Today Lambie is modelling this fashion.
Last night we had a bit of a fracas.
I found ‘Bert one morning with blood dripping down his head and his right horn at a very odd angle. He was agitated but not letting me near him so I left out some TurmerAid. It took the edge of his misery.
I was hoping the horn would drop off by itself but, after a few days, ‘Bert suddenly became even more miserable – running around with his head on the ground. I wondered if it was causing him pain by growing into his head. So I asked our shearer to pop by on his way home. The sheep were in a small paddock and I thought easy to catch (ha-bloody-ha!)
Once we had failed at catching ‘Bert, I suggested maybe we would have more success with my shearer’s experienced and well-trained sheepdog in the paddock with us to herd the boys into a corner where we could then catch ‘Bert and sort out his horn.
And with that Lambie went mad doing the Wall of Death (and we weren’t even after him), hurling himself at wire fences, getting stuck and in the kind of panic I have never seen. We just stood there and watched him. The dog sat on the ground doing nothing, absolutely nothing. On the upside (only one), we could see ‘Bert’s horn was flapping about so we know it is not causing pain and will fall off soon.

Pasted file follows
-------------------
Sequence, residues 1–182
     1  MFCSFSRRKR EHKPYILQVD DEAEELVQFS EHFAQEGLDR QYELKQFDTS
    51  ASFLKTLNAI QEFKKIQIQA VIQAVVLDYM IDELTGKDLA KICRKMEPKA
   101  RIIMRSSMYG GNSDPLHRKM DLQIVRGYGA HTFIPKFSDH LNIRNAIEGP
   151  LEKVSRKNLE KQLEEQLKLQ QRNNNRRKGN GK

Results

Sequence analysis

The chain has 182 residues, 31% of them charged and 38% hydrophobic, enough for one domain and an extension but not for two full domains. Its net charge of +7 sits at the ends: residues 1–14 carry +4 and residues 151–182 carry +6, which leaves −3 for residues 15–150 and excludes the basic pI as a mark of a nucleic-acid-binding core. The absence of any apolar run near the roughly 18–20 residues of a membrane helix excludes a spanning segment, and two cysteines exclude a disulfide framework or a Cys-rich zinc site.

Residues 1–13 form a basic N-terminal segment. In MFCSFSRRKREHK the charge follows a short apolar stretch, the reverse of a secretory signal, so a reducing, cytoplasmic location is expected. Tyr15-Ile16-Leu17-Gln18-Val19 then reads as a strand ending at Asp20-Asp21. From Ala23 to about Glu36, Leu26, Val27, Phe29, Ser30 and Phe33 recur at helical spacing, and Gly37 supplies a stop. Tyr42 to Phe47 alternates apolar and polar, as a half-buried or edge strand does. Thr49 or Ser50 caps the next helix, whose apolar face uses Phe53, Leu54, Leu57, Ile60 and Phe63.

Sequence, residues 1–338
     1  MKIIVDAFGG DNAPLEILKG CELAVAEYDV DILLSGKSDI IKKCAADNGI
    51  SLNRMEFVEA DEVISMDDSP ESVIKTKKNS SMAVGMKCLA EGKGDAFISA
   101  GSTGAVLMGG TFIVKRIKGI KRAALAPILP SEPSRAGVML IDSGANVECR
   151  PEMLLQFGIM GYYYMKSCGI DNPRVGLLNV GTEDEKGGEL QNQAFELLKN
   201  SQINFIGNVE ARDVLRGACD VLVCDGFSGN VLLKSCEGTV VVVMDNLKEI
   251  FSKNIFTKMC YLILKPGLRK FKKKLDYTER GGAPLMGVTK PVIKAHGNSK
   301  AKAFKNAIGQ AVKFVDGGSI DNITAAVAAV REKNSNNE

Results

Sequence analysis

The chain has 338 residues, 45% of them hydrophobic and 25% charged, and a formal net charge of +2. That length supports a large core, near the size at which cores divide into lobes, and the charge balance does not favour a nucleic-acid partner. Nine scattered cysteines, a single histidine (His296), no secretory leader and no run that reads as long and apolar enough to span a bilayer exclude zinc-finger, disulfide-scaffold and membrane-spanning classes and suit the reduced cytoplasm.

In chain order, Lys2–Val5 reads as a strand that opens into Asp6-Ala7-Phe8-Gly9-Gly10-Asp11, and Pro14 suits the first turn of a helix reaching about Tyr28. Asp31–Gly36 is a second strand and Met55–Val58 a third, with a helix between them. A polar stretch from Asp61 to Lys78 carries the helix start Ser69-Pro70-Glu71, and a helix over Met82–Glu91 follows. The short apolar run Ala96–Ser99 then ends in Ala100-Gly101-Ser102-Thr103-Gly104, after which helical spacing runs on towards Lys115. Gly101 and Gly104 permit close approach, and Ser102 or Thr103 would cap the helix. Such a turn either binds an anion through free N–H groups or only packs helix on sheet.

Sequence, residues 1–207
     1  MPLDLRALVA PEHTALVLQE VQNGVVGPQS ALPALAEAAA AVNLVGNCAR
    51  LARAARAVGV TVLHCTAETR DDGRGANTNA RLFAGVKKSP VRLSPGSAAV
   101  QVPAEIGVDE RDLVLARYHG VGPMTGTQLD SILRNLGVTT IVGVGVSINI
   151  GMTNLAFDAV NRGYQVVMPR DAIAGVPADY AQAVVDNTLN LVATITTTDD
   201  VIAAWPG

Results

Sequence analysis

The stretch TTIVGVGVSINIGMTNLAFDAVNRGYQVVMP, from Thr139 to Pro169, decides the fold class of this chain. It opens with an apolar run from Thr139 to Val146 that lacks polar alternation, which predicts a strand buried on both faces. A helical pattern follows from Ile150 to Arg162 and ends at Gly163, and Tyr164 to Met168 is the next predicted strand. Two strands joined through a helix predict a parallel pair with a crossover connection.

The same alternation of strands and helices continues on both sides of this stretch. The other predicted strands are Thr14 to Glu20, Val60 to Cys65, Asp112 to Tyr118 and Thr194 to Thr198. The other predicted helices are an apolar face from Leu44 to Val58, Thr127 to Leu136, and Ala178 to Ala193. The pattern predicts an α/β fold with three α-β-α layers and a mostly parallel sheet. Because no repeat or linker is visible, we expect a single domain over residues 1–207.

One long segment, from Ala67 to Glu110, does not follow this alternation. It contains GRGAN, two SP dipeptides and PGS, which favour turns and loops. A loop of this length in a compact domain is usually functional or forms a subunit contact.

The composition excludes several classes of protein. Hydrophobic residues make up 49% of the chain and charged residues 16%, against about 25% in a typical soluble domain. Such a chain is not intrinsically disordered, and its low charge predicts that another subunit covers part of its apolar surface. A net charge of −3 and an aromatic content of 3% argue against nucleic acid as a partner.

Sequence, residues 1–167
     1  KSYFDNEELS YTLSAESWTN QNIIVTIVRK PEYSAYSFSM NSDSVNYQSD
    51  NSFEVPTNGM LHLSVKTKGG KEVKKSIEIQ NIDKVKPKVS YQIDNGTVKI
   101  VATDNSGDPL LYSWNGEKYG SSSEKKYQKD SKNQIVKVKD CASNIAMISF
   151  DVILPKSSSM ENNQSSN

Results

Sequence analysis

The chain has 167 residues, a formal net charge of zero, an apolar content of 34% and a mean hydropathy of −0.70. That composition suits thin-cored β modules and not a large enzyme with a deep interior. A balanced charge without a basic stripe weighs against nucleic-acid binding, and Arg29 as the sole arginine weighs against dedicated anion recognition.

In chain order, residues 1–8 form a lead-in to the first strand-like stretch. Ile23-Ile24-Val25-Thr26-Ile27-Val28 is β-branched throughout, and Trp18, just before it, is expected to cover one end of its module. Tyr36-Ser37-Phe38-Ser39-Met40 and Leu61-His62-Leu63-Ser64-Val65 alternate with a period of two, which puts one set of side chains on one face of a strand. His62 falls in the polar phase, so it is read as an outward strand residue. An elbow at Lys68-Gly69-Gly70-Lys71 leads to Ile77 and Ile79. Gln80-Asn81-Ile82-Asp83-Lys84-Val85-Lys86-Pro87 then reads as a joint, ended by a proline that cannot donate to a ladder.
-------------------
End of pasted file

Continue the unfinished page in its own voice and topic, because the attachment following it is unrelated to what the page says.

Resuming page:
So we decided to leave well alone.
My shearer and his dog quickly left and I tried to talk to the now-hysterical Lambie or at least get near him to spray his self-inficted wounds with antibiotic spray. I lured him into my shed and got him. It had to be done.
Today Lambie is calmer and I reminded everyone that they had been brought up with dogs and no one had been chasing, just herding. There is a huge difference.
I have to wonder what went through Lambie’s pea-like brain.